Climategate was a reminder that scientists hold the power to ensure that the public accepts their work, and when they choose not to exercise it, everyone suffers.
As scientists make greater advancements in understanding our world, it becomes more and more important that researchers make it a priority to keep the general population informed about their findings. The ongoing debates on climate change, evolution, and various other topics have shown us that without transparency, the scientific community will be forced to grapple with a public that puts little faith in its claims. This lack of trust is incredibly harmful to both the scientific community and the public; scientists are forced to defend themselves against baseless accusations, while the public is unable to take advantage of scientific discoveries or heed the warnings researchers attempt to communicate.
Nothing has illustrated this better than the 2009 Climategate scandal, when hackers unearthed thousands of emails between researchers from the Climate Research Unit (CRU) at the University of East Anglia. Among the published emails were discussions on potentially hiding data and refusing to honor freedom of information requests from climate change skeptics. The most unfortunate part of the so-called scandal was that after months of investigation, third-party organizations concluded that the actual research was accurate, and that it supported the known fact that global warming exists and is a man-made phenomenon. But the damage was done—in addition to harming the researchers’ credibility and the credibility of the climate change movement as a whole, the episode provided fodder for skeptics to undermine the upcoming United Nations Climate Change Conference. Climategate was a reminder that scientists hold the power to ensure that the public accepts their work, and when they choose not to exercise it, everyone suffers.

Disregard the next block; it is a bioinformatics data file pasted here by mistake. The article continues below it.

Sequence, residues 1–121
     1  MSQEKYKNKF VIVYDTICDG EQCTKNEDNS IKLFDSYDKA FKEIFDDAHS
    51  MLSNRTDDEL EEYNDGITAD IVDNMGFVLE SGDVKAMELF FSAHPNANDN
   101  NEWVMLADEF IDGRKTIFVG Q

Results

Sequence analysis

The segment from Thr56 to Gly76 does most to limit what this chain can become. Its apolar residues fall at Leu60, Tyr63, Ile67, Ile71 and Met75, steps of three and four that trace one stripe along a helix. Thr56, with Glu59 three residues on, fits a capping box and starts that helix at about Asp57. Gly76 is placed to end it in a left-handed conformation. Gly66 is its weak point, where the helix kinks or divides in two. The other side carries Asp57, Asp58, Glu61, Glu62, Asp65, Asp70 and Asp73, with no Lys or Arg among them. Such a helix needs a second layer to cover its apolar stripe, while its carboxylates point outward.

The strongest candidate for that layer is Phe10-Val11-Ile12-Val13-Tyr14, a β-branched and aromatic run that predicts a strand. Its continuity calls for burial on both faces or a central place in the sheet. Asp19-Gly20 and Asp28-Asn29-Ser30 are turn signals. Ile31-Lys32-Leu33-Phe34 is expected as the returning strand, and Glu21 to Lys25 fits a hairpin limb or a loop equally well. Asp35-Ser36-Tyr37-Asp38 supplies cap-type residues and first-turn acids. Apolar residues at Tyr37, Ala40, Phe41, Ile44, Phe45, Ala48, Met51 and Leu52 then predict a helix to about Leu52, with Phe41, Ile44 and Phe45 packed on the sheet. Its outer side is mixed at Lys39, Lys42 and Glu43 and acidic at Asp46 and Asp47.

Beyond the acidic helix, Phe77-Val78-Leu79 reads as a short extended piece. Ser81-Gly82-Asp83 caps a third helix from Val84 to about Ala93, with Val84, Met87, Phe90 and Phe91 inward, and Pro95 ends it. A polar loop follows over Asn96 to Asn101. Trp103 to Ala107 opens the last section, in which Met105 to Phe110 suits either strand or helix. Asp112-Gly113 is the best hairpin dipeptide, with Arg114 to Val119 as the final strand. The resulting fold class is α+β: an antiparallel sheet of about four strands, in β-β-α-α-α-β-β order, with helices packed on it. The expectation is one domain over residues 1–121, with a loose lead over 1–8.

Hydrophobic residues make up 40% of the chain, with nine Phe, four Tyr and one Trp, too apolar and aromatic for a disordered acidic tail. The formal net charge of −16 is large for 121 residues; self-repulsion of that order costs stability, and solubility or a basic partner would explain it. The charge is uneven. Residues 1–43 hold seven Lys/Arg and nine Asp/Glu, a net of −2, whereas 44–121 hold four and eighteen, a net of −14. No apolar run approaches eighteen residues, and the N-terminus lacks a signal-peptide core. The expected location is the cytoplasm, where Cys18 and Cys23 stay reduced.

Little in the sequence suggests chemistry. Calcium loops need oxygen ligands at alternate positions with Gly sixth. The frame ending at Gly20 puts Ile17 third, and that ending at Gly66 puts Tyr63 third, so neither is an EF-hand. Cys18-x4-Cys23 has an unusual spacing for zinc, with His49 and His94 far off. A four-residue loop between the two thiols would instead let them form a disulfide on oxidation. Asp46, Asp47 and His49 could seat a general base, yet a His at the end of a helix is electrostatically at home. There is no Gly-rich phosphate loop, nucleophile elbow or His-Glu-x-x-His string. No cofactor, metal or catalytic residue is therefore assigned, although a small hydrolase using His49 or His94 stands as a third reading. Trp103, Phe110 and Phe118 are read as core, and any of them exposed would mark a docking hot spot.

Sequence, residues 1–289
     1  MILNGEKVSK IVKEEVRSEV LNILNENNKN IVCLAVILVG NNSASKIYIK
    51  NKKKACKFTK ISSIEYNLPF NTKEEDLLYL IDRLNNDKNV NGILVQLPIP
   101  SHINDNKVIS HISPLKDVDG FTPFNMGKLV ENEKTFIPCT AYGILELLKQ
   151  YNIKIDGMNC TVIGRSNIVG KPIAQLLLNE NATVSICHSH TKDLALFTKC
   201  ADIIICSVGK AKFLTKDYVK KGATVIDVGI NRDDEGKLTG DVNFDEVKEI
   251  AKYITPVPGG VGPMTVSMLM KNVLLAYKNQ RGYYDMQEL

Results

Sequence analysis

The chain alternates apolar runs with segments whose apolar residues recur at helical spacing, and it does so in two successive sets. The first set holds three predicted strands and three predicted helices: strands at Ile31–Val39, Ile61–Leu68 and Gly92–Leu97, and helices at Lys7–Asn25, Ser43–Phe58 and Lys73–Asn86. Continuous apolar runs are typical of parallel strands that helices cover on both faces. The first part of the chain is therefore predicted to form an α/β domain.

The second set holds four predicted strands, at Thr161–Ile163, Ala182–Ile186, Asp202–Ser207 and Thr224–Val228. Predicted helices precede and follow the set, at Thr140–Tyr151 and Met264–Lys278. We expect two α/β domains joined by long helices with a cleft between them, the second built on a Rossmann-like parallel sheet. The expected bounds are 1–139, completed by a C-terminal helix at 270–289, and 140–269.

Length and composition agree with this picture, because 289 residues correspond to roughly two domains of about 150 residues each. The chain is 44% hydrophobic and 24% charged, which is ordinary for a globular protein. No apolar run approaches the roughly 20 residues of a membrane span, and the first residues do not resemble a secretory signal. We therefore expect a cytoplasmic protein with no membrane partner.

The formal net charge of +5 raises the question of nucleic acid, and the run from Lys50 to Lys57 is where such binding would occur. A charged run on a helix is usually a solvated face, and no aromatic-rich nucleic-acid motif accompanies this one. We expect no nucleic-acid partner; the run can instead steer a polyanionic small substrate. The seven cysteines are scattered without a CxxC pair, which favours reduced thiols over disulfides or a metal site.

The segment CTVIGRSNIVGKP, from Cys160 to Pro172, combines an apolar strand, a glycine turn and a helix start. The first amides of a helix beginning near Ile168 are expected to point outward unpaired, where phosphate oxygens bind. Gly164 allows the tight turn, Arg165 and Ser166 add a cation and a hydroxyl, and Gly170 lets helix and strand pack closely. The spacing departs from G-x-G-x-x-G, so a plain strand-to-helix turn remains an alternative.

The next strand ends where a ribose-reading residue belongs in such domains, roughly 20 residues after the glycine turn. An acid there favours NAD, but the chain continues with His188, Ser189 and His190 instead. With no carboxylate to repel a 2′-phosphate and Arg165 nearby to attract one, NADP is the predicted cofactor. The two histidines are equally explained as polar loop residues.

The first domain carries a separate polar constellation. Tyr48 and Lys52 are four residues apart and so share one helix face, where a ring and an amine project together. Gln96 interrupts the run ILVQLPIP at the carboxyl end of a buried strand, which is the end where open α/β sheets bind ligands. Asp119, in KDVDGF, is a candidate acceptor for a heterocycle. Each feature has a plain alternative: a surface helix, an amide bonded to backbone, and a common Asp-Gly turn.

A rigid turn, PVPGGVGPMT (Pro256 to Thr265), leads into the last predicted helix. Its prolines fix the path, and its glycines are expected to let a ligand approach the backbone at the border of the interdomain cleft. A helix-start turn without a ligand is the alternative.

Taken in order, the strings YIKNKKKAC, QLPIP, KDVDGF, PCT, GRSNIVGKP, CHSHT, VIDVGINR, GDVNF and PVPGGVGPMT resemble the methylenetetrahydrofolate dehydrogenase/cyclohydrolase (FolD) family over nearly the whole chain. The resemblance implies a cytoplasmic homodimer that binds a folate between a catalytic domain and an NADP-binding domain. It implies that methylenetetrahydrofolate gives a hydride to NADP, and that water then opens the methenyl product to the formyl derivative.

In other cases it is not scientists themselves who limit public engagement with research, but the corporations and regulatory bodies that impose their own interests on science. In the case of genetically modified organisms, agricultural companies like Monsanto employ end-user agreements to block independent researchers from testing their products. Though some of these restrictions were lifted in 2009, research still is not entirely independent. In situations like these, the public is unwilling or unable to reap any potential benefits of the products, the scientific community cannot produce unbiased work, and the corporations—along with science itself—are faced with stigma that takes years to combat.
Similarly, in 1996 Congress passed an NRA-backed law that led the Centers for Disease Control to end almost all research into gun violence. The law all but blocked off unbiased work on the subject, leaving only studies conducted by various pro- or anti-gun lobbies. Such partisan work is ultimately discounted by the public, causing public trust in research as a whole to decline. Once again, in order to ensure that controversies can be settled using research that the public can fully trust, research must be transparent and conducted in a manner that involves the public. Regulatory bodies as well as scientists must realize that public engagement can help end controversies by ensuring that research is conductedin a way that fosters trust among the public. When this trust is reached, the research community will regain its lost credibility, and the public will be able to use science to create a better world.Kavya Pathak is a Brevia staff writer. She can be reached at firstname.lastname@example.org.